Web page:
Except for a couple of disturbing facts. For example, when you enter "Pueblo" as a starting point and "Aberdeen" (site of an incineration facility) as an end point into MapQuest.com, you get 1,731 miles of American counties, towns, and human beings in between.
There are 1,600 tons of mustard gas at Pueblo, all contained in mortars and bombs, complete with rocket motors, bursting devices, and electronic mechanisms to launch them. Even routinely moving them the few yards around the depot is an extraordinarily sensitive task, says the Chemical Weapons Working Group's Williams.
"In order to move these rockets from where they're stored, they take out three pallets from what they call the 'igloos,' where they store them under guard. That's 36 rockets. They then transport it to an enhanced, on-site container worth $1.5 million. They suck out all the air and seal it. They put it on a special flatbed vehicle, and move it at half a mile an hour from the storage facility to the incinerator. They only do it during daylight hours, and then only when it's good weather -- no wind, rain. So it's not blown around."
Far be it for me to suggest that a similar effort, mounted over thousands of miles, with thousands of tons of toxins and bombs, might attract terrorists or encourage accidents. Just the same, I called Leonard Cole, a Rutgers adjunct professor and author of the book The Eleventh Plague: The Politics of Chemical and Biological Warfare, and asked him what he thought about the Pentagon's idea for cross-country poison-gas musical chairs. Terrorism is the least of our worries, he said cheerily, then told me a story.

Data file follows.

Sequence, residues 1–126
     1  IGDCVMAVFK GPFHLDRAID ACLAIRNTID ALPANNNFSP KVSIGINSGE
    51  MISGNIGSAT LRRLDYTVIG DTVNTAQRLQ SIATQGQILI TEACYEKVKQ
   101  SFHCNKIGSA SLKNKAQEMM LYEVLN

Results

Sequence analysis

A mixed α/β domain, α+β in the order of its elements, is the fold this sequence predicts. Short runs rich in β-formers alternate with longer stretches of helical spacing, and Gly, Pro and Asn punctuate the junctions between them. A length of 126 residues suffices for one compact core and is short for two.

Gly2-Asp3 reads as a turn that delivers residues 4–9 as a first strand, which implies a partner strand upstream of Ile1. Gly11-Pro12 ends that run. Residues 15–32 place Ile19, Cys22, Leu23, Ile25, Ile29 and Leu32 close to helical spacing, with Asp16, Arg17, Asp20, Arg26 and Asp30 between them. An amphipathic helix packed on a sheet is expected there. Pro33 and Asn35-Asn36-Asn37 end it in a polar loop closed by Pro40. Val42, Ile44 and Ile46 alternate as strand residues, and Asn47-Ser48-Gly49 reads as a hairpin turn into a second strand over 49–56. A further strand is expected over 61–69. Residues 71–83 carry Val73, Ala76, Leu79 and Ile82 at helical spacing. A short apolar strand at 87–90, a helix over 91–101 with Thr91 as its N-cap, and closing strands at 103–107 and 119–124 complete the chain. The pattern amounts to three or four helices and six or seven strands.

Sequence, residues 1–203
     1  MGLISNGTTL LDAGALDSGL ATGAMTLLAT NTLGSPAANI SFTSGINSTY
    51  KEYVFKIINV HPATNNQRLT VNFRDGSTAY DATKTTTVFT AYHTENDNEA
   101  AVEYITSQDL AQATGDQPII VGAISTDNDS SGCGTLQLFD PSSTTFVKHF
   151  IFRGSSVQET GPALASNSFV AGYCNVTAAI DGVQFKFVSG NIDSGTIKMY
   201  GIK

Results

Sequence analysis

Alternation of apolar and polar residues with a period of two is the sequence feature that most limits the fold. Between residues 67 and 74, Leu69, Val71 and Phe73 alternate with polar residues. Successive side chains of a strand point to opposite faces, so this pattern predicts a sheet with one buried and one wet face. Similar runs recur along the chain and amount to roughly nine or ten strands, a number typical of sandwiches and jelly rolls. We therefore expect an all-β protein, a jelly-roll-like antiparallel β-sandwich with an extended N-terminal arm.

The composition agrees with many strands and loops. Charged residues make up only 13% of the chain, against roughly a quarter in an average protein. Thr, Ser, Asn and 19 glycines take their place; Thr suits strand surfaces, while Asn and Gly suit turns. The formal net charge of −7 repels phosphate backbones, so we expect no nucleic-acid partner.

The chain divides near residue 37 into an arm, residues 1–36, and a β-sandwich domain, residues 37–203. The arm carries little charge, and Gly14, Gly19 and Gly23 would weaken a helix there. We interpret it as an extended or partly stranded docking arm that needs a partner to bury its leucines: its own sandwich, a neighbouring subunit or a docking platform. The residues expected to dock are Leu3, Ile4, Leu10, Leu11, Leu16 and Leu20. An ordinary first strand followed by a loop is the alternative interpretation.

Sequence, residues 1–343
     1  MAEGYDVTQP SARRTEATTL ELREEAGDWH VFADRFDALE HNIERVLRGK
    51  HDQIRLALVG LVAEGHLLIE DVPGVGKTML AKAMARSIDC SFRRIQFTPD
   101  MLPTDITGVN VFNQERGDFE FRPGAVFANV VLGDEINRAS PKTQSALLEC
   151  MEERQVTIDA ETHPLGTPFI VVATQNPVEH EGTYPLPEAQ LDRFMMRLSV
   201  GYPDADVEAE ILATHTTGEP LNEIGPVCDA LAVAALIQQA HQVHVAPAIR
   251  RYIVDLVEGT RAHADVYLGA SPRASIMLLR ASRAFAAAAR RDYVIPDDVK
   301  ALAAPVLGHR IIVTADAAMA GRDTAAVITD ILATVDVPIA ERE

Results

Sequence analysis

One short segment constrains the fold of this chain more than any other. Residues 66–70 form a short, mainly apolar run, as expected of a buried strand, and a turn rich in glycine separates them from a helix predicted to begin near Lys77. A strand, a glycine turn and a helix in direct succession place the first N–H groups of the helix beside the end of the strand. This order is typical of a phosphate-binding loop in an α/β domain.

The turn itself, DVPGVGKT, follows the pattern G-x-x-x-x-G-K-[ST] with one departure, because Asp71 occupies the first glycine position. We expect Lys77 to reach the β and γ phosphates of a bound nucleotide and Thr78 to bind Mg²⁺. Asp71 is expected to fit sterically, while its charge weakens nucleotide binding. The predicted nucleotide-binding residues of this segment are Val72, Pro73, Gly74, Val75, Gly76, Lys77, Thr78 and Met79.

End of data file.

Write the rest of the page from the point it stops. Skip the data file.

"A month ago, chlorine was being shipped by train through South Carolina. There was an accident, some of the canisters were punctured, there was leakage of the chlorine, and nine people were dead. Areas near the train wreck were contaminated. We don't think of chlorine as an agent we'd have in serious quantities as a chemical weapon. Instead we have mustard agents and nerve agents. Either of them, if they were to leak through canisters, a pinhead drop of, say, sarin -- that's the one the Tokyo cult used in the subway -- a single tiny drop of that will kill you in 60 seconds. If you inhale vapors, it will kill you sooner. VX, meanwhile, is not only more potent, it's more long-lasting."
I would expect so. The Army seems to make efficiency a priority when it comes to chemical weapons.